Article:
Pro­duc­tion ver­sion of Porsche's first pure-elec­tric car breaks cover

911 Porsche World - - News And Views -

Porsche's Mis­sion E elec­tric car has been spot­ted test­ing with its fi­nal pro­duc­tion body for the first time. Due to go on sale in 2019, Mis­sion E will not only be the first pure­elec­tric Porsche, it will also de­but rad­i­cal new au­ton­o­mous driv­ing tech­nol­ogy.

Snapped out­side Porsche's Weis­sach R&D cen­tre, Porsche has used mul­ti­ple cam­ou­flage el­e­ments in an ef­fort to ob­scure its iden­tity. But this is no Panam­era-based mule. Close in­spec­tion re­veals that this is, in­deed, the pro­duc­tion Mis­sion E body.

Look care­fully and you can see the Mis­sion E's dis­tinc­tive nose com­plete with four-point head­lights and wide open­ings up front. Along the cars flanks Porsche has used the same new-gen­er­a­tion flush-fit door han­dles also seen in the up­com­ing Type-992 911 de­vel­op­ment cars. The rake of the roofline is also dis­tinct from any Panam­era, as are the broad rear hips.

An­other tell-tale sign in­volves the glass house. The trim strip run­ning across the top of the side win­dows is un­bro­ken, in­di­cat­ing that the Mis­sion E's frame­less door glass will be mak­ing it into pro­duc­tion, though not its 'sui­cide' rear doors. The Mis­sion E con­cept's ex­treme, low-set pro­por­tions have like­wise been toned down in the tran­si­tion to pro­duc­tion. That's per­haps in­evitable given that the car will need to of­fer ex­cel­lent cabin space to ap­peal to the mass mar­ket.

Mis­sion E will be based on an all-new plat­form known as J1, de­vel­oped for broad use across the Volk­swa­gen group and de­signed ex­pressly for pure-elec­tric power. Fi­nal tech­ni­cal de­tails of the Mis­sion E are not known. How­ever, Porsche has in­di­cated cer­tain tar­gets. Over­all op­er­at­ing range will be in ex­cess of 330 miles and power will come from a pair of elec­tric mo­tors good for a to­tal sys­tem power in the re­gion of 600hp. Mis­sion E will be quick, very quick.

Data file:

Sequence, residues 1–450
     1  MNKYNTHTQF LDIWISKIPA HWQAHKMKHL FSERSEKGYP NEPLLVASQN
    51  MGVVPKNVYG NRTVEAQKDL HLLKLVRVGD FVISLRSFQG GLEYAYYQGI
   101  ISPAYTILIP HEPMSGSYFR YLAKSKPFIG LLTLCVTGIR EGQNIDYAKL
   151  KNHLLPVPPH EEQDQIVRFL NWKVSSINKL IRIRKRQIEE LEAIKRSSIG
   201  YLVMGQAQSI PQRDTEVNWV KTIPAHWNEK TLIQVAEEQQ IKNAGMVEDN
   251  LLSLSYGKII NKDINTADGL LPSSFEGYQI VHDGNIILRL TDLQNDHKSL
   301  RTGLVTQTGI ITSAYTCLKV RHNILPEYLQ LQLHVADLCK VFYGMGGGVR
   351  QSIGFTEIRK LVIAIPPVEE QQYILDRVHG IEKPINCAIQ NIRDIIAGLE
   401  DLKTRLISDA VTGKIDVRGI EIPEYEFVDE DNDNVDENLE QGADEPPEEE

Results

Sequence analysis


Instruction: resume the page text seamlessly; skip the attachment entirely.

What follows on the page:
An­other key el­e­ment in­volves Mis­sion E's rev­o­lu­tion­ary charg­ing tech­nol­ogy. Porsche is de­vel­op­ing a new sys­tem with Ja­panese elec­tron­ics spe­cial­ist Hi­tachi.

Based around 800V tech­nol­ogy, it's said to of­fer dou­ble the en­ergy through­put of Tesla's lat­est 400V Su­per­charger tech. Porsche Chair­man Oliver Blume has gone on the record stat­ing the new charg­ing tech will al­low Mis­sion E to recharge to 80 per cent bat­tery ca­pac­ity in just 15 mins de­spite the high ca­pac­ity of its lithium-ion cells.

The fi­nal part of the Mis­sion E pack­age will ar­guably be even more con­tro­ver­sial for a Porsche than elec­tric power. Mis­sion E will ar­rive with what's known as Level 4 self­driv­ing tech­nol­ogy. That's a nod to the fivelevel regime for au­ton­o­mous cars re­cently de­fined by the US De­part­ment of Trans­porta­tion. Level 1 in­volves in­di­vid­ual el­e­ments, like brak­ing or ac­cel­er­at­ing, be­ing in­ter­mit­tently con­trolled by the car, for in­stance cruise con­trol.

Level 2 re­quires at least two con­trol el­e­ments au­tonomously con­trolled at least par­tially in re­sponse to ex­ter­nal data re­gard­ing the driv­ing en­vi­ron­ment. Level 3 still re­quires a hu­man driver but ups the ante to of­fload­ing many safety-crit­i­cal driv­ing func­tions to the car along with full con­trol in cer­tain nar­rowly de­fined sce­nar­ios, such as mo­tor­way cruis­ing. Level 4, which is the tar­get for Mis­sion E, en­ables fully au­ton­o­mous driv­ing in many but not all sce­nar­ios and road con­di­tions. Level 5 refers to cars that can op­er­ate fully au­tonomously in all sce­nar­ios and have no re­quire­ment for a hu­man driver.

Given that Porsche typ­i­cally trades on of­fer­ing the most ex­cit­ing and en­gag­ing driv­ing dy­nam­ics in each seg­ment in which it com­petes, in­clud­ing with its SUV Ma­can and Cayenne models, pro­mot­ing au­ton­o­mous driv­ing ca­pa­bil­i­ties may seem like an odd fit. How­ever, com­pet­ing with the likes of Tesla's Model S al­most cer­tainly de­mands that Porsche of­fers ad­vanced self-driv­ing tech­nol­ogy. It's a fea­ture Tesla is al­ready push­ing hard. The fi­nal pro­duc­tion ver­sion of Mis­sion E will likely be re­vealed in 2019 and go on sale in 2020 at around £90,000.

Not quite as low as the Mis­sion E con­cept, nev­er­the­less it’s fair to say that this is the pro­duc­tion bodyshell in dis­guise, judg­ing by the dis­tinc­tive nose. Those dummy ex­haust pipes don’t fool us! Range should be in ex­cess of 330 miles. Launch will be...

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